Jeff Landers is a GoGirl Finance expert and founder of Bedrock Divorce. Jeff’s book, Divorce: Think Financially, Not Emotionally: What Women Need To Know About Securing Their Financial Future Before, During, and After Divorce is currently available on Amazon. 50% of all profits from the sale of each book will be donated to the Bedrock Divorce Fund for Abused Women, Inc., a 501(c)(3) nonprofit charity whose mission is to help female victims of domestic abuse and the organizations that support them.
This coming month can be tumultuous on many fronts, and for women going through divorce, tax season can be particularly difficult–both emotionally and financially.
In an effort to calm at least part of the storm, here are answers to some of the tax questions most divorcing women must grapple with:
I’m getting a divorce. What is my tax filing status?
Your federal income tax filing status is set by your marital status on the last day of the tax year.
So, if you are still married on December 31st, then you are considered married for the entire year. Likewise, if you are divorced on December 31st, then you are considered divorced for the entire year.
That part is relatively easy, but if you are legally separated, things are more complicated. Here’s why:
The IRS usually follows state law for determining marital status. In other words, whether or not you are considered married or unmarried will depend upon complicated laws at both the state and federal level.
For example, according to tax law, an individual legally separated from his/her spouse under a decree of divorce or a decree of separate maintenance shall not be considered as married. But, not every state allows for a decree of separate maintenance; if you live in one of those states, you are still considered married until your divorce is final. You need to ask your attorney and/or tax advisor whether your current legal status meets the definition of a decree of separate maintenance.
If you’re legally divorced, you must file as single or head of household. But, if you are still legally married, the IRS always allows you to file either jointly or separately. Tread carefully, however. For many, that choice can be a double-edged sword.
On the one hand, if you choose to file separately, you cannot be held responsible for your husband’s unpaid taxes. On the other hand, if you choose to file separately, you may miss out on key benefits and deductions. (A married filing jointly return is generally the most advantageous filing status for most people.)
What happens if we file jointly, and there’s an overpayment (or underpayment) of taxes?
If there is an overpayment of tax, then your attorney should seek to have allocated to you some portion of the overpayment, or at least confirm in writing it’s a marital asset to be considered in the settlement or at trial.
If there’s an underpayment–because, say, your husband takes aggressive tax positions or is in a cash business and doesn’t accurately record his income–you may not want to join in the joint returns since you can be held liable if the IRS comes after the parties for underpayment of tax.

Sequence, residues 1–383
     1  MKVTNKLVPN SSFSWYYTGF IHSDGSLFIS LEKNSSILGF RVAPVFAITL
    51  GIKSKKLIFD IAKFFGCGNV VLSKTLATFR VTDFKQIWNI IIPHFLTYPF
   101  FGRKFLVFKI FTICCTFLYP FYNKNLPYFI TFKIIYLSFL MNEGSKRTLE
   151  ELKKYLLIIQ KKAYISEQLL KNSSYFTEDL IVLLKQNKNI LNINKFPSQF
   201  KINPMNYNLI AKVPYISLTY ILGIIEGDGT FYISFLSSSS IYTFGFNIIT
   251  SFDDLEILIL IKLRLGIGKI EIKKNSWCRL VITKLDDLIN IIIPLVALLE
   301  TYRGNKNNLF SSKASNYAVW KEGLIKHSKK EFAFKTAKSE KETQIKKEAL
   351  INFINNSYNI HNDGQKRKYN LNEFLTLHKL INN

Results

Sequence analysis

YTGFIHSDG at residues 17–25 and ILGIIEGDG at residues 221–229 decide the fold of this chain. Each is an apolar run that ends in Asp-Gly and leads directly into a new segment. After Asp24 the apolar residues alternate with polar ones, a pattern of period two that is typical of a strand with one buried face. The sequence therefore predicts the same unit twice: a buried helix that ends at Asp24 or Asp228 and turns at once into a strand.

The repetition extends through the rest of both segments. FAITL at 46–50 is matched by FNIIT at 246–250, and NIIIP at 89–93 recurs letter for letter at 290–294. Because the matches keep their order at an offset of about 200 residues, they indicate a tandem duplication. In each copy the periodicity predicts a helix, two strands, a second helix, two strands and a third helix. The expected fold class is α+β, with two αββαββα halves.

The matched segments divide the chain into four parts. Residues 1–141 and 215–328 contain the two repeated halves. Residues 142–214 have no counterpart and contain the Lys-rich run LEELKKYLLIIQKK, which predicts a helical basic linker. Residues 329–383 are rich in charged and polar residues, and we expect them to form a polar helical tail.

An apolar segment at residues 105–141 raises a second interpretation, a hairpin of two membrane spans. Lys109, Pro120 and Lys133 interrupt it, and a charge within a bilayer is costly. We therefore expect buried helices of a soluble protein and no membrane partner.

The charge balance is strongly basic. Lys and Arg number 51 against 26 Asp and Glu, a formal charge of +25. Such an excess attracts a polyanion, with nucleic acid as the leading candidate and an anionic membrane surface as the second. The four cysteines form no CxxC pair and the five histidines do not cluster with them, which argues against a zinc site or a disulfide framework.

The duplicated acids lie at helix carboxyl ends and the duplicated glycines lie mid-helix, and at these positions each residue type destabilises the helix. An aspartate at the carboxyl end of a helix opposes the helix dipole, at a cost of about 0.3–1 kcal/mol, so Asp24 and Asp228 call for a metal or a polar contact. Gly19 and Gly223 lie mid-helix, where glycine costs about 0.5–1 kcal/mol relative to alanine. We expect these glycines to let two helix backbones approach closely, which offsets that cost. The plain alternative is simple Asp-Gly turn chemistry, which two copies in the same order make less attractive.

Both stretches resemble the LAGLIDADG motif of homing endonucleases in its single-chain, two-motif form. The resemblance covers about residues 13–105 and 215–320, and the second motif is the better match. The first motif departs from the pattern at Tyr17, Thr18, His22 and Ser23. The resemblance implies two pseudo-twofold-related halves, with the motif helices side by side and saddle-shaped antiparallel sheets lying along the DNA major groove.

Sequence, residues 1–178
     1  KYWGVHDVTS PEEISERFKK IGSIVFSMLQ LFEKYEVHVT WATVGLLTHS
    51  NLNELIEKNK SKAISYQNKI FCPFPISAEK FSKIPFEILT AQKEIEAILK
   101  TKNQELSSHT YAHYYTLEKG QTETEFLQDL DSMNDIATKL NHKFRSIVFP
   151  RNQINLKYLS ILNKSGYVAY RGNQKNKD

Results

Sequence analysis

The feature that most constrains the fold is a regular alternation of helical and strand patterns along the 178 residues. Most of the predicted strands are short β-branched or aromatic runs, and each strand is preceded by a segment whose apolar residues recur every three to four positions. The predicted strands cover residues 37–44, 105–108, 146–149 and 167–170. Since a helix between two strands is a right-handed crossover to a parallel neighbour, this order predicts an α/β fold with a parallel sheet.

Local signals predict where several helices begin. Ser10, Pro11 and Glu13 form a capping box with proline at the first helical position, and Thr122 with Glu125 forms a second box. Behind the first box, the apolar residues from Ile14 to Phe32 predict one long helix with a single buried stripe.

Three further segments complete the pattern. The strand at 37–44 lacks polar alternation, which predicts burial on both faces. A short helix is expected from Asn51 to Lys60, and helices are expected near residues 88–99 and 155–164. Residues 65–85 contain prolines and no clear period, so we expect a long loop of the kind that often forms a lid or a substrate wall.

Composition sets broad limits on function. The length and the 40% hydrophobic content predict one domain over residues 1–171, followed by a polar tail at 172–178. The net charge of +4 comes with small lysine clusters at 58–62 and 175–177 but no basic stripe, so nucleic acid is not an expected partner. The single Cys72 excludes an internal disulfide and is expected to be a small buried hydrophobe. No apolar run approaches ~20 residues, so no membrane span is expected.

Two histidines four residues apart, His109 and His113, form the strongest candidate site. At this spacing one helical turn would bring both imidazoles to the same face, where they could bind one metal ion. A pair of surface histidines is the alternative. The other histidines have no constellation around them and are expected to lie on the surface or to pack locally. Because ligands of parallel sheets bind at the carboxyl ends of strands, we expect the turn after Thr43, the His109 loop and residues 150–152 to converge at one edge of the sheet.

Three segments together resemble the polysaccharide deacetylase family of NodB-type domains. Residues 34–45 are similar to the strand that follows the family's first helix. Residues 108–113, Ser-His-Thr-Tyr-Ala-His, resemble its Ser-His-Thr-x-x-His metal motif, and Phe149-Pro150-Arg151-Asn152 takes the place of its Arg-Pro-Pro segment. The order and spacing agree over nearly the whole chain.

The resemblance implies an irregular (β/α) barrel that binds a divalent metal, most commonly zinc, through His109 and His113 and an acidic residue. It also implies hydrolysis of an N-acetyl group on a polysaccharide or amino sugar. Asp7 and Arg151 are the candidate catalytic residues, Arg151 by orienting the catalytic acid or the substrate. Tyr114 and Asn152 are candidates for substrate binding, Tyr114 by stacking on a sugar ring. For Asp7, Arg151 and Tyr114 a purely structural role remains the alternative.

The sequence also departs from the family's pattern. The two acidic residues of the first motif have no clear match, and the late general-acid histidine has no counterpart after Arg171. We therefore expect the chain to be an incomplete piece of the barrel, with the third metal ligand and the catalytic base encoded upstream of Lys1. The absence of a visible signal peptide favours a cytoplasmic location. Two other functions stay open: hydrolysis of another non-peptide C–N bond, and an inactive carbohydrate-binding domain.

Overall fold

Can I file as “head of household?”
Filing as head of household will typically result in a lower tax bill than filing as single, but this designation has strict requirements. To qualify as head of household you must:
- maintain a household for your child (even if you do not claim them as a dependent)
- be unmarried at the end of the year or living apart from your spouse for more than six months
- provide more than half the cost of maintaining the household
- be a U.S. citizen or resident alien for the entire tax year
In addition, the household must be your home and generally must also be the main home of the qualifying dependent (i.e., they live there more than half the year).
Am I allowed to claim an exemption for my children?
The custodial parent is entitled to the exemption for children, although in some cases, this exemption can be traded to the non-custodial parent using IRS Form 8332.
Are child support payments considered taxable income?
No. Child support is always tax-neutral, meaning it can’t affect your taxes in any way. Child support payments are not taxable income for the parent receiving the support. In addition, they are not tax deductible for the parent paying the support.
Are alimony payments considered taxable income?
Yes, most of the time. Alimony payments are almost always taxable income for the recipient–and they are tax deductible for the payor. However, the IRS is very strict regarding what qualifies for the alimony deduction. For example, if you and your husband continue to share a residence after the divorce, any alimony payments made during that time cannot be deducted. Also, the alimony payments deducted must be as outlined in a written separation or divorce agreement.
In some cases, the husband and wife might agree that alimony will not be considered taxable income to the recipient and tax-deductible to the payor. If that language is included in the final divorce decree, then that income will not have to be declared by the recipient. Of course, the payor will not be allowed to deduct those payments, either.